Luxembourg (AFP) – Eurozone ministers agreed debt relief and a big cash payout for Greece early Friday, part of a broad exit deal that will close eight years of austerity and bailouts for Athens.
“We have a deal on Greece,” a European source told AFP, confirmed by other official sources, after more than six hours of talks dominated by last minute resistance by Germany.
Greece is slated to leave its financial rescue on August 20 and finance ministers from the 19 countries that use the single currency were under pressure to offer Athens a goodbye deal that left it strong in the eyes of the financial markets.
With writing-off loans off the table, eurozone ministers agreed to extend maturities by 10 years on major parts of its total debt obligations, a mountain that has reached 180 percent of GDP — almost double the country’s annual economic output.
Sources also said the creditors would disburse 15 billion euros ($17.5 billion) to ease the country’s exit from its program.
The agreement is an important turning point for the eurozone nearly a decade after Greece stunned the world with out-of-control spending and sparked three bailouts and a near collapse of the euro single currency.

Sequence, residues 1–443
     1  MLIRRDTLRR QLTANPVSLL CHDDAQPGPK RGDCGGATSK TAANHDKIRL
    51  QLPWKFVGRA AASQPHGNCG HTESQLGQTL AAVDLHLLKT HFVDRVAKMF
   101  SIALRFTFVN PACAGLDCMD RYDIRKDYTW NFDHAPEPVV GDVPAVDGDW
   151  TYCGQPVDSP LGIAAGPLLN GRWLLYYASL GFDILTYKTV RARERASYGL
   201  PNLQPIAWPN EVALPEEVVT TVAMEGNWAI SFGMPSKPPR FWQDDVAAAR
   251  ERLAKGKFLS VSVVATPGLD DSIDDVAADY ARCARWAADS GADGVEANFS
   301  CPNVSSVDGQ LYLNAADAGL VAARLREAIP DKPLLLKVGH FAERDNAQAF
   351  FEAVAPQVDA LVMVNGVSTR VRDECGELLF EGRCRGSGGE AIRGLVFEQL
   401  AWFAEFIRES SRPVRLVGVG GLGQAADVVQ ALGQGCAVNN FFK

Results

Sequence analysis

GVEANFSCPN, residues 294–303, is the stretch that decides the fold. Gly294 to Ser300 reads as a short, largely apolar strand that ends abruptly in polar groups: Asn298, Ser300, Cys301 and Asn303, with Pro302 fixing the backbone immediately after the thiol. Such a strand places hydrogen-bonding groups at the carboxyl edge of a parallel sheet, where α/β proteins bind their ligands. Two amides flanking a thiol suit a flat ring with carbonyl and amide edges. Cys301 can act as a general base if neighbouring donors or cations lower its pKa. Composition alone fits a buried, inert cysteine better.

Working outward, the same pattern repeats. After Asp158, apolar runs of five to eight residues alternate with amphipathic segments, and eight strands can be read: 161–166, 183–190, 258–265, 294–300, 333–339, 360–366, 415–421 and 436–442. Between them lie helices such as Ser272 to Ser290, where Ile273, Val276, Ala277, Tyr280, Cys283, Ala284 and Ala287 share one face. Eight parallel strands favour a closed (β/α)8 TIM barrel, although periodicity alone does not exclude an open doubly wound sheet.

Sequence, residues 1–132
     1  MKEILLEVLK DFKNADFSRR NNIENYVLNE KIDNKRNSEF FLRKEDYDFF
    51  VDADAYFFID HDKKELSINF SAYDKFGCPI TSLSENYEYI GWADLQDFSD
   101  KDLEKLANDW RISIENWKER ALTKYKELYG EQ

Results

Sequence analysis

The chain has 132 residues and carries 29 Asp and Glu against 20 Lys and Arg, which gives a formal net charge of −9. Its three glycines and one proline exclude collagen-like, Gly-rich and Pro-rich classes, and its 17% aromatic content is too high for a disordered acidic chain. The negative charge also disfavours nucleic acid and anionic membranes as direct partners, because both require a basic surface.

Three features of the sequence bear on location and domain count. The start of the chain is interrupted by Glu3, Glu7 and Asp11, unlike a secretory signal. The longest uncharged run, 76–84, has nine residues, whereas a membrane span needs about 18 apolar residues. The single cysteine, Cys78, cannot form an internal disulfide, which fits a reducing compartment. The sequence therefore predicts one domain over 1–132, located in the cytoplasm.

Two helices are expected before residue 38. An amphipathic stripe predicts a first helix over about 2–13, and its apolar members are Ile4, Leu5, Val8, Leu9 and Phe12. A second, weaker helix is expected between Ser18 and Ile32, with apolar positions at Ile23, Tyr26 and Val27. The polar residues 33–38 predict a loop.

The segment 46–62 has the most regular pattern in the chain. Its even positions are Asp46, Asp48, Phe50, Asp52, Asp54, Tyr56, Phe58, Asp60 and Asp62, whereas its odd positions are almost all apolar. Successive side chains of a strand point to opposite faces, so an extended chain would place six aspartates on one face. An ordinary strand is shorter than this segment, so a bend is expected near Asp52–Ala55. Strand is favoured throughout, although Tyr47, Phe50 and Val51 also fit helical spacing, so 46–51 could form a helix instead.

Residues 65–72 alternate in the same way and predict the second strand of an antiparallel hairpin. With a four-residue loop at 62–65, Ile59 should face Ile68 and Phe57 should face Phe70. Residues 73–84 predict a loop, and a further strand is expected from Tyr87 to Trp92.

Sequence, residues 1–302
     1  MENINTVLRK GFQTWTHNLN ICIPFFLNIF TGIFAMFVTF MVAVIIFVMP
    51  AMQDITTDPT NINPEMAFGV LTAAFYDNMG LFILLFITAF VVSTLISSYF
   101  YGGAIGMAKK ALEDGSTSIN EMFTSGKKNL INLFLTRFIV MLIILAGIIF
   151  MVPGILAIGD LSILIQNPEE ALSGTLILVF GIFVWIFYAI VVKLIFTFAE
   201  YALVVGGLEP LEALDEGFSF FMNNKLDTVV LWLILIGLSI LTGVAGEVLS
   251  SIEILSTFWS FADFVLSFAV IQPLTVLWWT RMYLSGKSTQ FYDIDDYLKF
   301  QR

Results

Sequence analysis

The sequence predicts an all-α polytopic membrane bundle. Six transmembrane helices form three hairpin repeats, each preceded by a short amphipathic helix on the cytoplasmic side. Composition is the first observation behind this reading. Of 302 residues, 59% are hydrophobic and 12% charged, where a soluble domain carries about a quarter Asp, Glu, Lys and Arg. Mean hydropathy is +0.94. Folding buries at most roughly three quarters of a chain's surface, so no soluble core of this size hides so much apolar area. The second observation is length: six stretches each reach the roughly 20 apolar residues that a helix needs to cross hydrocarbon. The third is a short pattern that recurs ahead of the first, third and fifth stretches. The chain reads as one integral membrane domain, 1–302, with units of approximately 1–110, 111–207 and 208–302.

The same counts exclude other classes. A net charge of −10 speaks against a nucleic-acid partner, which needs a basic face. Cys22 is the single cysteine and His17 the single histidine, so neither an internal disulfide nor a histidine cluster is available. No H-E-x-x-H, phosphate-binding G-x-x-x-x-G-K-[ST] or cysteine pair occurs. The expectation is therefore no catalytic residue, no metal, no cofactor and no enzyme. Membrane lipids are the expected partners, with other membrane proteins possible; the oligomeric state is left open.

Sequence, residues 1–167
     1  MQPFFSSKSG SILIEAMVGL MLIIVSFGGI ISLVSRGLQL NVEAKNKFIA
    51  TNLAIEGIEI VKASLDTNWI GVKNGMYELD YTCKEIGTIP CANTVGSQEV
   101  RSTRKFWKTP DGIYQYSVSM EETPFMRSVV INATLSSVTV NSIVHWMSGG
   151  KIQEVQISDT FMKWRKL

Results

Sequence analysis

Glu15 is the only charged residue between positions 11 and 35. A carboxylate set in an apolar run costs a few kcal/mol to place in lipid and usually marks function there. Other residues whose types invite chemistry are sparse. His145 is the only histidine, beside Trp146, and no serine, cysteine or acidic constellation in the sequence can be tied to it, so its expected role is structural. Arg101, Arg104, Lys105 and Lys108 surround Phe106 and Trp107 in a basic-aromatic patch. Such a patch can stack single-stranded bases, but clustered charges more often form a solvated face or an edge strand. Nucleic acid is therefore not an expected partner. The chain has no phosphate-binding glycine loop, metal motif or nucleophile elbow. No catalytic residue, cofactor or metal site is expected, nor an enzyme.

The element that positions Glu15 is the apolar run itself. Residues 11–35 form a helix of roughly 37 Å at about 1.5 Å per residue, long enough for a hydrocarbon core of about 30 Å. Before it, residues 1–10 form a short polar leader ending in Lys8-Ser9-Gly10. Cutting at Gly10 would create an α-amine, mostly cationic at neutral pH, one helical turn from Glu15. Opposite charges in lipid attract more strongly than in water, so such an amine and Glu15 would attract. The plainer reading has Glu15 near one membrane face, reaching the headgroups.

The deal was expected to be an easy one, but last-minute resistance by Germany — Greece’s biggest creditor — on debt relief dragged the talks on for six hours.
Greece’s latest 86-billion-euro programme was agreed in 2015 after six contentious months of negotiation, bringing the level of assistance received by Athens to 273.7 billion euros since 2010.
The rescue loans came in return for hundreds of stringent reforms that landed like a rock on a Greek economy, which shrank by nearly 25 percent in just a few years and sent unemployment surging.
Greece however will remain under the watch of its creditors after the bailout and under stricter terms than for Portugal, Ireland and Cyprus following their respective bailouts.
Under German demands, Greece’s debt relief in the short-term will be conditional on the continued implementation of agreed reforms, which if successful could inject about one billion euros to the government’s underfunded budget every year.
“We will ensure that the pressure to implement further reforms remains strong… in the medium and long term,” said Austrian Finance Minister Hartwig Loger.